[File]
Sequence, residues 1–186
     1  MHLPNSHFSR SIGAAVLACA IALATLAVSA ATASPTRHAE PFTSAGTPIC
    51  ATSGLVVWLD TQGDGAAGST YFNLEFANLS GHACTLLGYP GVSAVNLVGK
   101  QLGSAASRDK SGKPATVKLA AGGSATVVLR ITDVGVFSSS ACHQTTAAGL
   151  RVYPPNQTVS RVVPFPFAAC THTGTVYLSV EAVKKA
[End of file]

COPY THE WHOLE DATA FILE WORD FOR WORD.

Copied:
Sequence, residues 1–186
     1  MHLPNSHFSR SIGAAVLACA IALATLAVSA ATASPTRHAE PFTSAGTPIC
    51  ATSGLVVWLD TQGDGAAGST YFNLEFANLS GHACTLLGYP GVSAVNLVGK
   101  QLGSAASRDK SGKPATVKLA AGGSATVVLR ITDVGVFSSS ACHQTTAAGL
   151  RVYPPNQTVS RVVPFPFAAC THTGTVYLSV EAVKKA